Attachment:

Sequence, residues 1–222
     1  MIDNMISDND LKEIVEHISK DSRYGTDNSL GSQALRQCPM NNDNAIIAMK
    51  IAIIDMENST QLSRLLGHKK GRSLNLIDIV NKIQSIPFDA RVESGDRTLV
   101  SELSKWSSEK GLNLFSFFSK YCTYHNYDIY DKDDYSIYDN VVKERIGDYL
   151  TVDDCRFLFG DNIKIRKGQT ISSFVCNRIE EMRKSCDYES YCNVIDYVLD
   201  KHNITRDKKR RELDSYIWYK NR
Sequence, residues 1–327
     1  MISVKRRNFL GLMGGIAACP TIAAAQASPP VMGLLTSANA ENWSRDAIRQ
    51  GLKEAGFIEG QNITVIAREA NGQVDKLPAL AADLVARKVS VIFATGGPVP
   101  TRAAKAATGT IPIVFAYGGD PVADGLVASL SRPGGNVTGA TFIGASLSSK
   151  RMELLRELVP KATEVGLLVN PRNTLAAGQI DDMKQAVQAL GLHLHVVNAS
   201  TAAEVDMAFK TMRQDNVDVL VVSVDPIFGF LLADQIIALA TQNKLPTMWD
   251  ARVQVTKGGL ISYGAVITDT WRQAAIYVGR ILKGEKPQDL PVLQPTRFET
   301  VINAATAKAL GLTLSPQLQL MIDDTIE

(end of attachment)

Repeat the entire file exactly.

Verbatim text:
Sequence, residues 1–222
     1  MIDNMISDND LKEIVEHISK DSRYGTDNSL GSQALRQCPM NNDNAIIAMK
    51  IAIIDMENST QLSRLLGHKK GRSLNLIDIV NKIQSIPFDA RVESGDRTLV
   101  SELSKWSSEK GLNLFSFFSK YCTYHNYDIY DKDDYSIYDN VVKERIGDYL
   151  TVDDCRFLFG DNIKIRKGQT ISSFVCNRIE EMRKSCDYES YCNVIDYVLD
   201  KHNITRDKKR RELDSYIWYK NR
Sequence, residues 1–327
     1  MISVKRRNFL GLMGGIAACP TIAAAQASPP VMGLLTSANA ENWSRDAIRQ
    51  GLKEAGFIEG QNITVIAREA NGQVDKLPAL AADLVARKVS VIFATGGPVP
   101  TRAAKAATGT IPIVFAYGGD PVADGLVASL SRPGGNVTGA TFIGASLSSK
   151  RMELLRELVP KATEVGLLVN PRNTLAAGQI DDMKQAVQAL GLHLHVVNAS
   201  TAAEVDMAFK TMRQDNVDVL VVSVDPIFGF LLADQIIALA TQNKLPTMWD
   251  ARVQVTKGGL ISYGAVITDT WRQAAIYVGR ILKGEKPQDL PVLQPTRFET
   301  VINAATAKAL GLTLSPQLQL MIDDTIE